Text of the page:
NZ customs, etiquette, and local laws

new zealand customs

New Zealand is a friendly and welcoming place for tourists. The people of the Pacific Island nation are open-minded and tolerant yet proud of the history of their country and its indigenous heritage.

Whilst the culture of New Zealand is fairly relaxed and informal, visitors should make an effort to be respectful of local customs and etiquette. By following a few basic guidelines visitors can avoid causing offence and enjoy their time in the nation to the fullest.

There are also some local laws to be aware of that may differ from regulations in the traveller’s home country, including NZeTA requirements and driving and alcohol regulations.

New Zealand’s Māori culture

The Māori are the indigenous people of New Zealand, today making up approximately 15% of the population. Although their way of life was affected significantly by the arrival of Europeans in New Zealand in the 17th Century, the culture has been kept alive.

Foreigners may be most familiar with the Māori through sport. Māori participate in New Zealand’s sport, particularly in rugby union. The New Zealand All Blacks perform the haka, a traditional Māori challenge, before the beginning of international rugby matches.

Whilst discovering New Zealand, tourists should respect the customs and traditions of the indigenous people. It is useful for foreigners to be familiar with some of the core concepts including:

Tapu: something so scared that it is untouchable

There are certain things in Māori tradition considered so sacred that they must not be touched or interfered with in any way. Sightseers should be aware that several spots in New Zealand are protected in this way.

One popular tourist destination in Cape Reinga. Although it is possible to visit the area, respect should be shown at all times and taking photographs or recordings may be considered offensive.

Permission should be obtained before taking pictures at Māori buildings or landmarks.

Utu: the belief that a wrong must be put right

Utu is the idea of balance and reciprocity, to maintain social harmony. If someone has been wronged, they should be repaid, historically this took the form of gifts or compensation.

Today, the belief that everything should be put right remains important to the Māori population.

What is considered rude in New Zealand?

In general, New Zealand etiquette is in line with that of most Western cultures. There are certain guidelines that visitors can follow to be considered polite by the local population.

  • Basic manners in public include waiting in line for services and saying please and thank you
  • Tipping is not commonplace at bars and restaurants
  • Drinks are bought in rounds at the pub, everyone buys a drink for each member of the group in turn
  • Clothing in New Zealand is informal and relaxed, even at high-end restaurants only relatively smart dress is expected

Business etiquette in New Zealand

Travellers in New Zealand on business should take into account certain considerations regarding meetings and negotiations:

  • Punctuality is important and expected
  • Meetings may be conducted in a casual and relaxed manner
  • Avoid high-pressure or confrontational sales techniques
  • Decision making can take time as several people are consulted
  • Honesty and directness is appreciated
  • Dress is generally formal and conservative in business situations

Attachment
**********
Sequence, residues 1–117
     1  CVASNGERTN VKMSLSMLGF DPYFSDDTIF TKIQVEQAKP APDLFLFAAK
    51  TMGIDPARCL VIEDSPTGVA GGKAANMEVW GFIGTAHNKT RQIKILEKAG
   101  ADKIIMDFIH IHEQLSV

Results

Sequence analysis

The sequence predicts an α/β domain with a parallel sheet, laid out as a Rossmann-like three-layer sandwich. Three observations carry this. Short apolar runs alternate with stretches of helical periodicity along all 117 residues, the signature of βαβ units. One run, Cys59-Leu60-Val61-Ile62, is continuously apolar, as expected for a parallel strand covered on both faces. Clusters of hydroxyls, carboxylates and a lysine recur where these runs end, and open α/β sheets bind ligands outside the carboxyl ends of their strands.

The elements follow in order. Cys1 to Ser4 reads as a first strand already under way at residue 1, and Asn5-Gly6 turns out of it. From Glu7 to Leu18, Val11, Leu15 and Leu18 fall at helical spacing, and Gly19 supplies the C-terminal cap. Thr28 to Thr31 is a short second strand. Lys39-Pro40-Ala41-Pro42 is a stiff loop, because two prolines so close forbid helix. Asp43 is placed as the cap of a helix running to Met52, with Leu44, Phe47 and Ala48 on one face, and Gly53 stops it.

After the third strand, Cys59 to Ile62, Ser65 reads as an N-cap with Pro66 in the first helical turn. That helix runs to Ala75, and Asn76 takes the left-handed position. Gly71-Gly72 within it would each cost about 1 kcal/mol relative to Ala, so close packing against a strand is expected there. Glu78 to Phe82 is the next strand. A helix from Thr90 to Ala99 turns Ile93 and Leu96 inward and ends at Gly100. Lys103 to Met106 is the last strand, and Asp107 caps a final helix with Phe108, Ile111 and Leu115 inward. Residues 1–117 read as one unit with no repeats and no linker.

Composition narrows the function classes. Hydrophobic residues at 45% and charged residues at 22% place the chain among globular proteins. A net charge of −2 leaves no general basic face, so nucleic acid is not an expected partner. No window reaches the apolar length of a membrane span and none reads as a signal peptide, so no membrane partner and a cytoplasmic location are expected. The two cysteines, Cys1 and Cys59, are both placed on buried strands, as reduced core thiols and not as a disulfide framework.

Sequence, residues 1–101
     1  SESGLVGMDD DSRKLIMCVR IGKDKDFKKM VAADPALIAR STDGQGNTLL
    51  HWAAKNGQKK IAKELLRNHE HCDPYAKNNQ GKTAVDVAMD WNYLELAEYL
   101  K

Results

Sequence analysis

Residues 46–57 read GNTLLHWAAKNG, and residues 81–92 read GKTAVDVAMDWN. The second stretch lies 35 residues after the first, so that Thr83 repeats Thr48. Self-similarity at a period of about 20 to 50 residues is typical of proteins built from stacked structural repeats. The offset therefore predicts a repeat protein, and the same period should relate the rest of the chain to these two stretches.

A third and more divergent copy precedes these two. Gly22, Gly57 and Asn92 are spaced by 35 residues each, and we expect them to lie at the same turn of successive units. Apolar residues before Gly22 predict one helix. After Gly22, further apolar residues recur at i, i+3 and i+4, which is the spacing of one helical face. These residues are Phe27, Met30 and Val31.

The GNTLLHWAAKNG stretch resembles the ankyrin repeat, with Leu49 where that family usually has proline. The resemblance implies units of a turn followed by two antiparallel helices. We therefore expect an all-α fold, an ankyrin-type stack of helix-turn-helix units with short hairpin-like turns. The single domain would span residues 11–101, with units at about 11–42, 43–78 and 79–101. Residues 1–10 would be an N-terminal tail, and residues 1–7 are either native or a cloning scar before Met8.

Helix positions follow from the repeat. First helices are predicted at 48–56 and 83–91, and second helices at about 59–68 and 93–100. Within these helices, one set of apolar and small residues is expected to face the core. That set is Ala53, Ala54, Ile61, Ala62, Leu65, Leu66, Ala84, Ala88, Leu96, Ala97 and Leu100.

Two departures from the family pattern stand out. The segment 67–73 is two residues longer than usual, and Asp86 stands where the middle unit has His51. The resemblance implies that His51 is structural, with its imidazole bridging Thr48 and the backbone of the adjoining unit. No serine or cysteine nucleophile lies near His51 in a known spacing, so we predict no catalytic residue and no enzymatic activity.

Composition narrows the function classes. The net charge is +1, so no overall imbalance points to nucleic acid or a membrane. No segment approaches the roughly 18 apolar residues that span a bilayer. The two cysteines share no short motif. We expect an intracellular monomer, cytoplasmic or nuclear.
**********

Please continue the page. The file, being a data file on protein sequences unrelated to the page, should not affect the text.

New Zealand laws visitors should know about

The advice above can help tourists in New Zealand create a good impression and avoid offending others. However, it is even more important to abide by local laws.

Travellers are advised to familiarise themselves with some of the most relevant laws that may differ from those in their home country.

Entering New Zealand as an overseas visitor

Before heading to New Zealand, foreigners should be fully informed about New Zealand’s entry requirements. Most holidaymakers require either a visa or if arriving from a visa-exempt nation, an approved New Zealand eTA.

The NZeTA is valid for 2 years from the issue date and allows for multiple entries of up to 3 months (6 months for UK nationals). People returning to New Zealand should check the validity of the electronic travel authorisation before departure.

Processing takes up to 72 hours so it is important to apply for the NZeTA at least 3 business days in advance.

Driving regulations in New Zealand for tourists

In New Zealand motorists drive on the left-hand side of the road. Foreigners from non-English speaking countries require an International Driving Permit which should be carried along with the full valid licence at all times.

All tourists driving in New Zealand should also be aware of the legal alcohol limit:

  • Aged 20 or over: 50 milligrams per 100 milliliters of blood or a breath alcohol limit of 250 micrograms (mcg) of alcohol per litre of breath
  • Under 20s: zero alcohol limit

What is the legal drinking age in New Zealand

Travellers who are 18 and over can purchase and drink alcohol, as long as they can present acceptable proof of age is requested.

Under 18s accompanied by a parent or legal guardian may drink alcohol in a supervised area where meals are served, such as a restaurant, if provided by the parent or guardian.

Fines of around $250 NZD are issued to anyone found to be breaking these laws.

What are the smoking laws in New Zealand

It is possible to buy and smoke cigarettes and e-cigarettes (vaping products) in New Zealand from the age of 18.

Smoking is banned in indoor public spaces and places of work including restaurants and bars. Individual owners can also choose to ban vaping.

New Zealand encourages a smoke-free lifestyle, tourists may smoke outdoors but should look out for ‘No smoking’ signs.